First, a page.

"Gabriel O'Donnell, everyone called 'im Gabe. Some hooligan from up around Memphis way."
He punched his spent cigarette butt into the glass ashtray on the coffee table and sniffed once not speaking again. I sat there for a minute listening to the off second ticking of the stand up clock near the couch he sat on. I cleared my throat and grabbed my keys that sat beside me on the chaise I was sitting on.
"I'm gonna go. I'll come by and talk to you another time," I said standing up.
He got up from where he was sitting and opened the door walking outside with me.
"If you stay around long enough, you can find 'er and talk some sense into the girl," he offered.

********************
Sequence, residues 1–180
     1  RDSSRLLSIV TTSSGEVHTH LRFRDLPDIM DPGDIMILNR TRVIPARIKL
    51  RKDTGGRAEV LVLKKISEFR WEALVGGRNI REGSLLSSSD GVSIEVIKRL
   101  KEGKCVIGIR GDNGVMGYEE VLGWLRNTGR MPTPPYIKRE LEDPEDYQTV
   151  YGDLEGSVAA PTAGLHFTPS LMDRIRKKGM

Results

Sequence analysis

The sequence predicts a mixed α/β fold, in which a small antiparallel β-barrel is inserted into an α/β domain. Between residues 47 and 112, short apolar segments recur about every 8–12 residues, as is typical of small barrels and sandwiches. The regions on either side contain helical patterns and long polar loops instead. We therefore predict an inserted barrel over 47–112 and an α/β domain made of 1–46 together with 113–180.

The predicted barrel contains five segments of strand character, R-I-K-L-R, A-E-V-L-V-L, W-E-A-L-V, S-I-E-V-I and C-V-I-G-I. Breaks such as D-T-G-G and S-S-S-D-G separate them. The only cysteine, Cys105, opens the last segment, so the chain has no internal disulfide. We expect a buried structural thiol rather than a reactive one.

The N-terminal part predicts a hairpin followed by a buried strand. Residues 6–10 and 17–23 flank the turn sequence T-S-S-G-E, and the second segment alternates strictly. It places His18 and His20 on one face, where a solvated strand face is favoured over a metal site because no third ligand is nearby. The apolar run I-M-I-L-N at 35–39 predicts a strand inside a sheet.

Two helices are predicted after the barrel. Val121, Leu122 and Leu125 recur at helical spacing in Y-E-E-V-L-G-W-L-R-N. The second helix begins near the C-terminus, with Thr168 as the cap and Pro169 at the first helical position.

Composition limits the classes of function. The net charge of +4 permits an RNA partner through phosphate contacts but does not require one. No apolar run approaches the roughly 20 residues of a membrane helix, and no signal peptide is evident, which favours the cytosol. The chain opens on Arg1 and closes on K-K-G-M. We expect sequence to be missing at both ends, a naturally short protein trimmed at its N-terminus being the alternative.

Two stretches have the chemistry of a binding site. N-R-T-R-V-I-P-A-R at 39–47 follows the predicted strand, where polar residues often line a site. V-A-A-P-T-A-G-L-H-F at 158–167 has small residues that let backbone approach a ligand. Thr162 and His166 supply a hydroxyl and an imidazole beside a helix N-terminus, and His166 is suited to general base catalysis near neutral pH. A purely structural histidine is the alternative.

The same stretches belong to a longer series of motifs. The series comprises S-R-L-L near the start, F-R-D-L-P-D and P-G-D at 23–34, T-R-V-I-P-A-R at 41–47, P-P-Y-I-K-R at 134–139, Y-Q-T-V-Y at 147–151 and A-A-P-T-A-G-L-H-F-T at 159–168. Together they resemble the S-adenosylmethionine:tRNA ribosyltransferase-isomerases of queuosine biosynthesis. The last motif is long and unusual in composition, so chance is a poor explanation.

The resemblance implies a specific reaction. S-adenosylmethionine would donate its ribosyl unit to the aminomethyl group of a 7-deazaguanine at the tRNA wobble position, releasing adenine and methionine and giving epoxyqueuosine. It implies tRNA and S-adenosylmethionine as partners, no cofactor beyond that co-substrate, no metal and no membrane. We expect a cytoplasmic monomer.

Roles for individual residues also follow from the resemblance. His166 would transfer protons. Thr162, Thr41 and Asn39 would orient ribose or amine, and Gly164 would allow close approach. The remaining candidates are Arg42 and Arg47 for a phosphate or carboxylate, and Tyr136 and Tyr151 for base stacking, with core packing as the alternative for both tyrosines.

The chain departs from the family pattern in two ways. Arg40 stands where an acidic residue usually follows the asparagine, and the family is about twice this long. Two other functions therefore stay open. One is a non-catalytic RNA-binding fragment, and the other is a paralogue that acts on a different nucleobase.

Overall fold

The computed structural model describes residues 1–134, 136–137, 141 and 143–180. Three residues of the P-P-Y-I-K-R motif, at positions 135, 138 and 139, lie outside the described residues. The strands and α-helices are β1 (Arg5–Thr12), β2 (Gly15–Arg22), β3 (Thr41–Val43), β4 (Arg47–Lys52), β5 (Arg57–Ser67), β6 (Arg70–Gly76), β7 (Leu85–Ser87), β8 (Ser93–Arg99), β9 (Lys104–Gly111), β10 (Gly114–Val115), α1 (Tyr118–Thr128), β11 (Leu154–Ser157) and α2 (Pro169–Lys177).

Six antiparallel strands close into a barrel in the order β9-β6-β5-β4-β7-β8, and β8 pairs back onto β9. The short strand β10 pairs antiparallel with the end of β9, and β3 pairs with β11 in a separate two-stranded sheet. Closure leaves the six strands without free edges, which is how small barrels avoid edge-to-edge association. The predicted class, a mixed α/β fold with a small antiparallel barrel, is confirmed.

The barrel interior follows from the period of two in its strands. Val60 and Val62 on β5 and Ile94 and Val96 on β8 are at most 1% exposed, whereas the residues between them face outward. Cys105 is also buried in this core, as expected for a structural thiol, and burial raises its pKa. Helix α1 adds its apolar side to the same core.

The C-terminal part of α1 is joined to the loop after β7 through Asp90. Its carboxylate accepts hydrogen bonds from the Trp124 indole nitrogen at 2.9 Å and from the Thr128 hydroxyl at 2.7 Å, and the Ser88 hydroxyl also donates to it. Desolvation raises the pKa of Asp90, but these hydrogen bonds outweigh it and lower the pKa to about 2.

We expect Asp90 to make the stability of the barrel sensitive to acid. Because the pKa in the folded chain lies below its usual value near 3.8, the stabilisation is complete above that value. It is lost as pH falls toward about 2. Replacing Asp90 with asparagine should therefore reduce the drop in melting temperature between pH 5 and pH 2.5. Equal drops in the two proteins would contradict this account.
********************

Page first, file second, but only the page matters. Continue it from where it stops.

I walked down the raised pathway back to my car and waved to him getting into my car. I headed out of his driveway heading left on Highway 345. "Tuesday's Gone" played on the radio. I chuckled lightly as my watch beeped midnight signaling it was now Wednesday. Tuesday was really gone now. The certified letter sat tucked into my blue jean messenger bag further down on the seat on the passenger side. I saw the sign that signaled where the highway forked. A road veered to the right and up the hill and turned to go around Syracuse Dam. The other curved sharply and went around the spillway to go into the sleepy town that shared the name of the dam. I opted to go towards Syracuse and pick up a cheap motel room to stay in for the night.